Laila Lalami on Moroccan Literature and Why She Writes in English

Photos from Casablanca, where Lalami's /Secret Son/ is set.

African Writing Online has a strange, funny, and sometimes awkward interview with Moroccan-American author Laila Lalami in its latest issue.

It has some interesting moments, once the beginning awkwardness is over. And besides, it’s an excellent excuse to post some more of Esen’s photographs.

Lalami, who writes in English, speaks about her mother and step-mother tongues:

My mother tongue is Moroccan Arabic–it is the first language I learned and the language we spoke at home.  But when I was about to start kindergarten, my parents put me in a French school, so that I learned French at a very young age.  In fact, French was the language in which I was first exposed to literature, beginning with children’s comics like Tintin and Asterix, through young adult novels like those of Alexandre Dumas, all the way to classics like those of Victor Hugo.  That early dissonance between the world of the imagination and the world of reality is one that has marked me, I think. It wasn’t until I was a teenager, and in public school, that I finally came across Moroccan novels, written by Moroccan authors, and featuring Moroccan characters.  And it was the discovery of these works that enabled me to finally become the kind of writer that I am today.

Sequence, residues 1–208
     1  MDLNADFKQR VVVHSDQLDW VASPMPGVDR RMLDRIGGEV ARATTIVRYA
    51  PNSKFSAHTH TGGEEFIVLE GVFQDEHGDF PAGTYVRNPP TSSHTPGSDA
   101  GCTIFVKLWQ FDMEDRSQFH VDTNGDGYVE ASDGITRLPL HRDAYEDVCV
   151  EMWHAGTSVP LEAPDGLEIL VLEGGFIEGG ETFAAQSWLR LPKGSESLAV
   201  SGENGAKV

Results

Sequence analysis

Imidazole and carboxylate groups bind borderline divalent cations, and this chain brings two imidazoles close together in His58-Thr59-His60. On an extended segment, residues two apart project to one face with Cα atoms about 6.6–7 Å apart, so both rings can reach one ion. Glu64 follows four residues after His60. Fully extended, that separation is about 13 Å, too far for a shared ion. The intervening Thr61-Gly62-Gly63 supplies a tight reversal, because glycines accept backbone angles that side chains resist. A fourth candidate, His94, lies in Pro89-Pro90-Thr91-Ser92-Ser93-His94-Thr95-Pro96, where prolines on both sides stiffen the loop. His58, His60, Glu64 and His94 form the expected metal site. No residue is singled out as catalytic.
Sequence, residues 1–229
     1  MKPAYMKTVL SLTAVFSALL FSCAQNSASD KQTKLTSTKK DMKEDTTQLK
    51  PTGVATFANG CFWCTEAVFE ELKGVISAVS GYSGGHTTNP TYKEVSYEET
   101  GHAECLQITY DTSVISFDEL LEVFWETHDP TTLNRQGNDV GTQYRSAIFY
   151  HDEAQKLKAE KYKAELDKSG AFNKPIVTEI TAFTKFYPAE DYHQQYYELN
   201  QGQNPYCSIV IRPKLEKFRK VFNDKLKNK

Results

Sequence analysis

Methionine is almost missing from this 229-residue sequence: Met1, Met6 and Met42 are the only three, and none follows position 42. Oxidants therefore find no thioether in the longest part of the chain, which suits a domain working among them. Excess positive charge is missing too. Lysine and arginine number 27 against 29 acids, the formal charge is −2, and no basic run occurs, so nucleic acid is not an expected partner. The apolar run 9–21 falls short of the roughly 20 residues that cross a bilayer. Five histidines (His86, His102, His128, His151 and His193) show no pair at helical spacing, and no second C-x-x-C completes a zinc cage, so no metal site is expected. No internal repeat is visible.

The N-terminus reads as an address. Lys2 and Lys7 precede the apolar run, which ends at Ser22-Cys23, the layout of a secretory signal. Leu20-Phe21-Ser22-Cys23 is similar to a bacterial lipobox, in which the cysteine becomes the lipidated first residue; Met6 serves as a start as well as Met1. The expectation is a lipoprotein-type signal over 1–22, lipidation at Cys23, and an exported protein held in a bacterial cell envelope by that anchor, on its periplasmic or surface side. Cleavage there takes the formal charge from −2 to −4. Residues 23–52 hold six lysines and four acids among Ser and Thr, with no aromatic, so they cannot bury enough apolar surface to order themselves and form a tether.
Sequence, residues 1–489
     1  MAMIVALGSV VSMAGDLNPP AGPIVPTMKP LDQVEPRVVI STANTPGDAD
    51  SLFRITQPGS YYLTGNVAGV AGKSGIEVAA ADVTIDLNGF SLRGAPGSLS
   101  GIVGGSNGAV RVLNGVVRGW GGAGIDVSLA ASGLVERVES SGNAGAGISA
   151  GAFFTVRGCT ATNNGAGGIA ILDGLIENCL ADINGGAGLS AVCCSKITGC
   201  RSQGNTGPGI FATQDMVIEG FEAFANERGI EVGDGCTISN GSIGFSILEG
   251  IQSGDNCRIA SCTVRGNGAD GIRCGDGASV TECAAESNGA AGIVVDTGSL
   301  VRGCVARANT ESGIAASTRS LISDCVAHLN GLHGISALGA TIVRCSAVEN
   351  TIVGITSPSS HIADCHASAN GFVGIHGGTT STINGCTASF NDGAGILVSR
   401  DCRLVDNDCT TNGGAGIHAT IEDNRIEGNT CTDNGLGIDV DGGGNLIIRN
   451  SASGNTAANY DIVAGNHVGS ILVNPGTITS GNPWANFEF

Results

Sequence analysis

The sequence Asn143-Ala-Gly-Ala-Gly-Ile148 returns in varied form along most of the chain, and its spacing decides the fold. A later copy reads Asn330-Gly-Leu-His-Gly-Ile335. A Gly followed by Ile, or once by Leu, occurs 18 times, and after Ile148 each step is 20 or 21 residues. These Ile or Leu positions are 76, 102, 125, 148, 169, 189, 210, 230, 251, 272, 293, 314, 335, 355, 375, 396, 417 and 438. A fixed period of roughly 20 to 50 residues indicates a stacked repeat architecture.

Unfortunately, the interviewer didn’t ask which novels or writers those were. Ah well. Lalami also takes  a sideways swipe at the fos’ha/3meya divide:

Of course I would have preferred to write in my native language, but most Moroccan novels are actually written inModern Standard Arabic, a form that is learned in school, not at home.And because I went to a French school, I was never really trained to write properly in it, so that it wasn’t a possibility for me.

More Casablanca.

The five Moroccan authors she recommends:

I would recommend Mohamed Choukri, for his searing honesty about his characters’ lives; Tahar Ben Jelloun, for his playful language; Leila Abouzeid, for her keen eye on for the little hypocrisies in people; Fatema Mernissi, for her humor; and Abdellatif Laabi, for his intelligence.

The writer on Lalami’s list who hasn’t been mentioned here before—I guess I thought of her more as a scholar than as a writer—is Fatima Mernissi. A number of her books are available in English; you can read more about her on Wikipedia.

If you’re interested in learning more about Lalami, visit her website. Also, I review her novel Secret Son in some upcoming issue of Wasafiri.